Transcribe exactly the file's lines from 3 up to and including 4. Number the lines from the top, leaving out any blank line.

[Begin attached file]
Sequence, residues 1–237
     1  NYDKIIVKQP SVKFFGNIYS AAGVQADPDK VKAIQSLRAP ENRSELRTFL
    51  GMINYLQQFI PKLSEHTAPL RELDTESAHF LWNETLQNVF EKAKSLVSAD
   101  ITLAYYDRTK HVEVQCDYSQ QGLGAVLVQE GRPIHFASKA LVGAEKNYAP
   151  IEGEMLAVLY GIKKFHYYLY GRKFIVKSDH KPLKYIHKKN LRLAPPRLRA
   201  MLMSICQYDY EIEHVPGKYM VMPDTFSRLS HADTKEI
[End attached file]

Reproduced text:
    51  GMINYLQQFI PKLSEHTAPL RELDTESAHF LWNETLQNVF EKAKSLVSAD
   101  ITLAYYDRTK HVEVQCDYSQ QGLGAVLVQE GRPIHFASKA LVGAEKNYAP